Ralph Steadman illustrated Alice’s Adventures in Wonderland in 1973.

British Pathé is uploading 85,000 of its newsreel films to YouTube.

• Drawings by Lebbeus Woods at The Drawing Center, New York.

• At Pinterest: Ian Miller and Kenneth Anger.

Lucifer Sam (1967) by Pink Floyd | The Surrealist Waltz (1967) by Pearls Before Swine | Which Dreamed It (1968) by Boeing Duveen And The Beautiful Soup

 


The Beard, a film by Ian Emes

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The Beard (1978) is a short, surreal animated film, directed by Ian Emes and based on an idea and illustrations by Peter Till. Electronic musician Adrian Wagner provided the soundtrack. I’d been looking for this on YouTube for a while, hoping to see it again. It’s a great piece of work, opening in a comical fashion when a shaving man (voiced by William Rushton) finds his beard taking on a life of its own, then turning increasingly nightmarish. A low-res copy sourced from video tape does no justice to the detailed drawings but it’s still worth a watch.

Somewhat better known, if not quite so strange, is Martin Scorsese’s student film, The Big Shave (1967), which may be seen here.

 


Robert Fludd’s Temples of Music

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For the past week I’ve been downloading more of the books at the Internet Archive illustrated by Matthäus Merian. Among the hoard there’s a two-volume set of Robert Fludd’s Utriusque Cosmi, Maioris scilicet et Minoris, metaphysica, physica, atque technica Historia (1617–1626), a remarkable work which attempts to cover all the metaphysical, scientific and artistic knowledge of the time, opening modestly with a detailed description of the creation of the universe. The illustrations for these volumes by Merian and Johann de Bry are so good they’ve been plundered endlessly, not only in later books but in the general culture; I’ve swiped details myself on more than one occasion so—once again—it’s good to see an original printing with all the accompanying text, and also all the less familiar treatises and pictures.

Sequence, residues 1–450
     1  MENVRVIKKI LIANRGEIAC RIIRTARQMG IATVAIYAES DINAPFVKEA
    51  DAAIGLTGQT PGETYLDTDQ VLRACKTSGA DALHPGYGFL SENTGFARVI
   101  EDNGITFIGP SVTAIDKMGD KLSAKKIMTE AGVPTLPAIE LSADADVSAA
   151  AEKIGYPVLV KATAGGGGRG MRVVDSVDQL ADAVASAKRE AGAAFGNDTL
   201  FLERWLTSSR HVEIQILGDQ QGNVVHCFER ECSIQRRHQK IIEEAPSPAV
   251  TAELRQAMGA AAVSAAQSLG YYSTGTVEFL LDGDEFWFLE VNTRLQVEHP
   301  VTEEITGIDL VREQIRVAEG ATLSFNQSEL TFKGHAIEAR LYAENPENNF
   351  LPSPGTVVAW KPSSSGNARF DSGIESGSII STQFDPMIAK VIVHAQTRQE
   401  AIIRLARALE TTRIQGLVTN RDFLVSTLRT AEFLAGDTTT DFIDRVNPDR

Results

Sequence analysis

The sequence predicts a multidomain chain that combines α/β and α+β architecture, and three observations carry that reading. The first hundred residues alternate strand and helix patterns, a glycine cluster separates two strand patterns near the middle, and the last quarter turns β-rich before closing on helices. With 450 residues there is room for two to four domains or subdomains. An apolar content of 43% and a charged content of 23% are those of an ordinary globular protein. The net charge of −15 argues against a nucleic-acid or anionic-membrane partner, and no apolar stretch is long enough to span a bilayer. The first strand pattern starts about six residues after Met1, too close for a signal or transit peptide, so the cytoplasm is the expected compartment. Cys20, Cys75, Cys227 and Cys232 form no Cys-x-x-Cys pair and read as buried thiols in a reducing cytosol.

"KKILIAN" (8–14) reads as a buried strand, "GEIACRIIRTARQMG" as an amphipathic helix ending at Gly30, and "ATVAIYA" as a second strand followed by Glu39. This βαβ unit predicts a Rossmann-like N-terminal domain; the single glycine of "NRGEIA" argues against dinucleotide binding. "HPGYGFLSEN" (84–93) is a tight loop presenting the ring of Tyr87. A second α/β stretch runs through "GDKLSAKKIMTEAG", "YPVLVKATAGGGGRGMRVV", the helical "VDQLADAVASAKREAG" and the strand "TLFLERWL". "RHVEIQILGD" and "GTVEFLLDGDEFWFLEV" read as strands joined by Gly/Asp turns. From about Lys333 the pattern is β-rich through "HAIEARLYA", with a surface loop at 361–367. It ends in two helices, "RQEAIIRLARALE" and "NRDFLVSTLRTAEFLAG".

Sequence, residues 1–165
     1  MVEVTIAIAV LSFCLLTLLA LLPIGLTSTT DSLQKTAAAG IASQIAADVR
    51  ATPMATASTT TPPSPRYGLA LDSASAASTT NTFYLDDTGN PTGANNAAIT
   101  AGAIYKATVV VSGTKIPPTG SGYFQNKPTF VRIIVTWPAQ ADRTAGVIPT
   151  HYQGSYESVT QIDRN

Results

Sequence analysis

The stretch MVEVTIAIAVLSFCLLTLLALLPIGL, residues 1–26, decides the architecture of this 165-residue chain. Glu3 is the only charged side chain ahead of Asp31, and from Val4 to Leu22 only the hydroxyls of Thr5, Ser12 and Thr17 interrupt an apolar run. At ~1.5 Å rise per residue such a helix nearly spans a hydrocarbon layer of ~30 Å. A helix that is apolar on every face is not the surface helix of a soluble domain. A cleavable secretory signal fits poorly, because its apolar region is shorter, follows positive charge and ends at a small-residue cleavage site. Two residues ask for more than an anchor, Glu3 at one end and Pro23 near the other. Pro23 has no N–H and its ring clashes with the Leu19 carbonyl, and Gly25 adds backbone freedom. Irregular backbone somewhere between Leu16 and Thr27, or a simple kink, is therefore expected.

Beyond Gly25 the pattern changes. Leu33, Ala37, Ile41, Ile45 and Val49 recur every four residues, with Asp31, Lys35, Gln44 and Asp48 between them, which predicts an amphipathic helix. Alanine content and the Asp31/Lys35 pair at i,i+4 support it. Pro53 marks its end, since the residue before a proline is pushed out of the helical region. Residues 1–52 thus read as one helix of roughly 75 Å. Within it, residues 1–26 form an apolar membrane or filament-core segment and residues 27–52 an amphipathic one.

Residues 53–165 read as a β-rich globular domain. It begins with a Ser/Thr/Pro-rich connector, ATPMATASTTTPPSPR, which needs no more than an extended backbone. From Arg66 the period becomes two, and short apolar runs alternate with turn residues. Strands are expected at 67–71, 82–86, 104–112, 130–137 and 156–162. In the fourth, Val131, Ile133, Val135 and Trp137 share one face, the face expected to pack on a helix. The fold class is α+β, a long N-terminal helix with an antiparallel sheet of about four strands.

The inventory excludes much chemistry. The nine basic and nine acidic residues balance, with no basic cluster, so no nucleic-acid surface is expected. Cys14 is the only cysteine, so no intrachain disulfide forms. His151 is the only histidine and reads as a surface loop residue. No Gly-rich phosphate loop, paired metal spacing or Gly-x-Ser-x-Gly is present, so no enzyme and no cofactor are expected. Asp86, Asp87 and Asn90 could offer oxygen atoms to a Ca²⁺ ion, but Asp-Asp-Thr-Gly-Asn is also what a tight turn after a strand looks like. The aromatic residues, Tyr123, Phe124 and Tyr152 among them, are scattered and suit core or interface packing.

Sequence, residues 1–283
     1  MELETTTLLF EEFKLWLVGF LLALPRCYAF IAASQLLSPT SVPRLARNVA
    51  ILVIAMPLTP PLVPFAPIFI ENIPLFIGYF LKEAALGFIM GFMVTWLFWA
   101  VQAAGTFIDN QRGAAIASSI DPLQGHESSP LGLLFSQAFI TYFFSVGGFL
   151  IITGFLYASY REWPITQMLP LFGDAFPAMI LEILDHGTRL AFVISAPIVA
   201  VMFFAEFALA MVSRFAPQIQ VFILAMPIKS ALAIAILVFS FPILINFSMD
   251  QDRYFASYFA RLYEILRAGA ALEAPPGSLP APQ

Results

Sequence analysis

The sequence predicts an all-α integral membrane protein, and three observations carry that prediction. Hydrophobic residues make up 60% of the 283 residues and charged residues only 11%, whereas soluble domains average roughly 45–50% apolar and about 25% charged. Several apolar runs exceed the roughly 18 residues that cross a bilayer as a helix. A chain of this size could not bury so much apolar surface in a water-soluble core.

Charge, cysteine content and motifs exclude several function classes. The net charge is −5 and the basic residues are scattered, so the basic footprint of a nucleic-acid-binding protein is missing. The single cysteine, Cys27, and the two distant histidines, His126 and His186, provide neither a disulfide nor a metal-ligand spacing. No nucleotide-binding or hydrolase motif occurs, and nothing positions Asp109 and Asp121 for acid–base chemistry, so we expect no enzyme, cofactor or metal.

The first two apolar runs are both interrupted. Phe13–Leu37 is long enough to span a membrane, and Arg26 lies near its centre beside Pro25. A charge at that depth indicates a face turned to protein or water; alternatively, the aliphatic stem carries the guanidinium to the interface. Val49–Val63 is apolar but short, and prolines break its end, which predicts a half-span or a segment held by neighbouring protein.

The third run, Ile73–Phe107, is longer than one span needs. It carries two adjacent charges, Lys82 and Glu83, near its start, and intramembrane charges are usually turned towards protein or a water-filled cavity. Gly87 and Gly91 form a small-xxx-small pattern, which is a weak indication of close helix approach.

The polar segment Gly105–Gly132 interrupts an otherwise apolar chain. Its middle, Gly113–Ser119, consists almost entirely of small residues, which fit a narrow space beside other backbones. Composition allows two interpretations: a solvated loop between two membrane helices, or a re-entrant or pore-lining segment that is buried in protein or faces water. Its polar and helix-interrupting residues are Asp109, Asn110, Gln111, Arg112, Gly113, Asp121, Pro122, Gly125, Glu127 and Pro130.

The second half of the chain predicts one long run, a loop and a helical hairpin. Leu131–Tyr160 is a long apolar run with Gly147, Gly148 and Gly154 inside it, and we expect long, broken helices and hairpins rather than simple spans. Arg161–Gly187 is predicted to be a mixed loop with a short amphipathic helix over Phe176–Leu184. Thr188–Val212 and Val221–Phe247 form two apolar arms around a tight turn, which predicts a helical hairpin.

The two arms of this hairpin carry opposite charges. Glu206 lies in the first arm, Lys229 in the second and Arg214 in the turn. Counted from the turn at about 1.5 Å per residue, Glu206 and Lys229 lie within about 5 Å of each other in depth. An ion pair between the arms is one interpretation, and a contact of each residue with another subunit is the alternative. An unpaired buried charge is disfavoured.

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One area of Fludd’s study concerns music, a subject which Merian and De Bry illustrate using a variety of graphic devices, the most fanciful of which are the “Temples of Music” displaying the notes and divisions of the Pythagorean scale. The largest of the drawings was printed onto a fold-out sheet which explains the unfortunate tear in this copy. I love all the details on this one, some of which are rather unusual: who are the people underneath the temple in the room with the furnace? What are they doing, and why are they naked?

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Two covers

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More new work of mine has been unveiled in the past few days so I can show these here. The Buried Life and Cities and Thrones are a pair of fantasy novels by new author Carrie Patel being published by Angry Robot. I was asked to provide something in an engraved style set against a black background, with imagery that reflected themes of vast, underground architecture and armed conflict.